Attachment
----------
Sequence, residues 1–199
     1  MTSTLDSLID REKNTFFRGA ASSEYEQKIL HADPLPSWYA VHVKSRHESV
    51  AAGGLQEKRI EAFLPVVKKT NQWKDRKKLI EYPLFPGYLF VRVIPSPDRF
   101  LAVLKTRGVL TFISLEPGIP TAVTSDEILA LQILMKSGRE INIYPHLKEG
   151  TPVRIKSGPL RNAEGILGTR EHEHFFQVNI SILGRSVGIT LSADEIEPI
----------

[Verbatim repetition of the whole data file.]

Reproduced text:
Sequence, residues 1–199
     1  MTSTLDSLID REKNTFFRGA ASSEYEQKIL HADPLPSWYA VHVKSRHESV
    51  AAGGLQEKRI EAFLPVVKKT NQWKDRKKLI EYPLFPGYLF VRVIPSPDRF
   101  LAVLKTRGVL TFISLEPGIP TAVTSDEILA LQILMKSGRE INIYPHLKEG
   151  TPVRIKSGPL RNAEGILGTR EHEHFFQVNI SILGRSVGIT LSADEIEPI